The lessons of Poland's accession in 2004 for the Ukrainian case
The current debate gives an impression of déjà vu compared to Cassandra's predictions that accompanied the enlargement of the European Union to Spain in 1986 or to Poland in 2004. In 1986, French agriculture was to be buried under Spanish strawberries and in 2004 the fabric of French SMEs kneeled by the Polish plumber.
However, this invasion of Polish plumbers (unfortunately) did not take place. On the contrary, the accession of Poland and the other Central and Eastern European states resulted, for example, in an increase of 0.5 in annual GDP for the Western states of the European Union, accompanied by an increase in the ratio of Polish GDP per capita to the average GDP per capita in Europe, in purchasing power parity, from 51 % in 2004 to 79 % in 2022. The regional policy funds disbursed to Poland not only made it possible to fill a large European cohesion deficit but also greatly benefited Western European companies with a "just return" for instance for construction or machinery companies estimated to be more than 50 cents per EUR 1 paid out. German companies, for example, have a higher turnover in Central Europe than they have in the United States and Canada.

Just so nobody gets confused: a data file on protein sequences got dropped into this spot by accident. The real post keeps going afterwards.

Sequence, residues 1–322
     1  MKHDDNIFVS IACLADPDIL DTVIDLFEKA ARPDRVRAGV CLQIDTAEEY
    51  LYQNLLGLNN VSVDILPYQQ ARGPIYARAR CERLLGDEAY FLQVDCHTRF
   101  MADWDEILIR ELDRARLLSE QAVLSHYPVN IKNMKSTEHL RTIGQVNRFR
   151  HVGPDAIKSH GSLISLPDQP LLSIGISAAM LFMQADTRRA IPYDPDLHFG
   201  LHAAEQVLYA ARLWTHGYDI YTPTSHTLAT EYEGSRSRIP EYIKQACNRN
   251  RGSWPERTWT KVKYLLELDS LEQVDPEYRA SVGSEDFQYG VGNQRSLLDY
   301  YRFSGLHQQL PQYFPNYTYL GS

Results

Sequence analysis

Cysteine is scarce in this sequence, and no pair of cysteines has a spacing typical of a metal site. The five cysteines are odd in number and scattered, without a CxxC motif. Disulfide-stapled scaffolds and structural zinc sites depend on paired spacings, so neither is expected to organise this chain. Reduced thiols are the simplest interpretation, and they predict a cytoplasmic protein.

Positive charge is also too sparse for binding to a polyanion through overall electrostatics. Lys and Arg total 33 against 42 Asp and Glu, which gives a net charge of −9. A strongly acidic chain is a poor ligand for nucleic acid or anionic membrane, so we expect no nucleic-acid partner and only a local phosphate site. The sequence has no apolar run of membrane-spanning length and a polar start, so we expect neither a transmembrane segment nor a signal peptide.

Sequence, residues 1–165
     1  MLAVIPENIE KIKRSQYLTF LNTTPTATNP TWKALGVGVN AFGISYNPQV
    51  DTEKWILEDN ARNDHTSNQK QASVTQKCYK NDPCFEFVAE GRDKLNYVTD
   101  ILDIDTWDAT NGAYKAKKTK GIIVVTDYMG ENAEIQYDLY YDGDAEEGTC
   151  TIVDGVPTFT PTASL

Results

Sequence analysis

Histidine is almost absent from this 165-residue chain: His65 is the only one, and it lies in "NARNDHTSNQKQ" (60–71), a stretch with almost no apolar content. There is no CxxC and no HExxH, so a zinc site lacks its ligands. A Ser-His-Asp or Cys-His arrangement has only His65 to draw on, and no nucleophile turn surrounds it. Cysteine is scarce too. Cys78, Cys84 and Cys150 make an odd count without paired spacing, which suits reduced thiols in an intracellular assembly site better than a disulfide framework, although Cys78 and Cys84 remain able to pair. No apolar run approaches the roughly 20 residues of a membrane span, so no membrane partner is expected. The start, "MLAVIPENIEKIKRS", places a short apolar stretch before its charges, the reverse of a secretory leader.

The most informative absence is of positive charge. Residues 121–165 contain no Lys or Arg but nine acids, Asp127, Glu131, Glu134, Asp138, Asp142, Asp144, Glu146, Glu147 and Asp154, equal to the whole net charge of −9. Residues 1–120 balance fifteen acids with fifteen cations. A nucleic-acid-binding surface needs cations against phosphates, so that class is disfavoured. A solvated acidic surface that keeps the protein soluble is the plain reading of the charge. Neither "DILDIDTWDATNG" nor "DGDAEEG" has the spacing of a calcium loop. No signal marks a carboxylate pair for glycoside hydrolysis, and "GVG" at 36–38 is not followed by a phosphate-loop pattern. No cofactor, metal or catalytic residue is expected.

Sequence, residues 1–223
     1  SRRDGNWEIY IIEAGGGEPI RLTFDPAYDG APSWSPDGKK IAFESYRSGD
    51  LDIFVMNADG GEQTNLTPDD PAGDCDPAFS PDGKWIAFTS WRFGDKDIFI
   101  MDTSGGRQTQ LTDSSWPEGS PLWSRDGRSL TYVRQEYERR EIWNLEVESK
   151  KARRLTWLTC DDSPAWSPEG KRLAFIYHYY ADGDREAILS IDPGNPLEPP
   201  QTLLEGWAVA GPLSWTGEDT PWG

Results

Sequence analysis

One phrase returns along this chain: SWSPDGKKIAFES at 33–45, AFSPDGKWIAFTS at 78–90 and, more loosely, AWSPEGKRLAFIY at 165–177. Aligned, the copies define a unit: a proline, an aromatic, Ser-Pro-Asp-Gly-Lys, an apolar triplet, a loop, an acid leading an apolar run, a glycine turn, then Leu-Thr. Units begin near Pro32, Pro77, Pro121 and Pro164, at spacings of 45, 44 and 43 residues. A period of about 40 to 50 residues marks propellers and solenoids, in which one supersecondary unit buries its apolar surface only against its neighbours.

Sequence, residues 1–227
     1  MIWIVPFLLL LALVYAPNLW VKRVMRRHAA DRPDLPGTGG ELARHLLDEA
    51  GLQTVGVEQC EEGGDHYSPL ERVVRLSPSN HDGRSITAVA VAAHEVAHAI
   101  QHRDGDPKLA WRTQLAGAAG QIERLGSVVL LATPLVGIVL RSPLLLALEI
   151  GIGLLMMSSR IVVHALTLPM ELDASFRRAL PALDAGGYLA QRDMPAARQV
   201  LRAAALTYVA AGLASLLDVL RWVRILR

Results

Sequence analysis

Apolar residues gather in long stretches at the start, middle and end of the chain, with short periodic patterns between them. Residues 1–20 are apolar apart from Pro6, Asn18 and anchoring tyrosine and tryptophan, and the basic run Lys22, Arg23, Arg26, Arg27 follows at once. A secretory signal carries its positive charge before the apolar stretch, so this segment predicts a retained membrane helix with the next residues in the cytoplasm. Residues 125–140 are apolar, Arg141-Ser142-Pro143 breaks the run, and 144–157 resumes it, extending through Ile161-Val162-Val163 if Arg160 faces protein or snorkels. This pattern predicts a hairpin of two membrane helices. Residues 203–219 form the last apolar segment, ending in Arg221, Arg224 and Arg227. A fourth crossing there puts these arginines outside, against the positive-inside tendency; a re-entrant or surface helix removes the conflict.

Referring to the record of the enlargement of the European Union to Poland is also an interesting parameter in that Ukraine is in a similar situation to Poland in 2004, namely that if Ukraine joined the EU today it would increase its GDP by around 1 % and its population by 9 %.
But let's take a closer look at concerns about the risk of social dumping.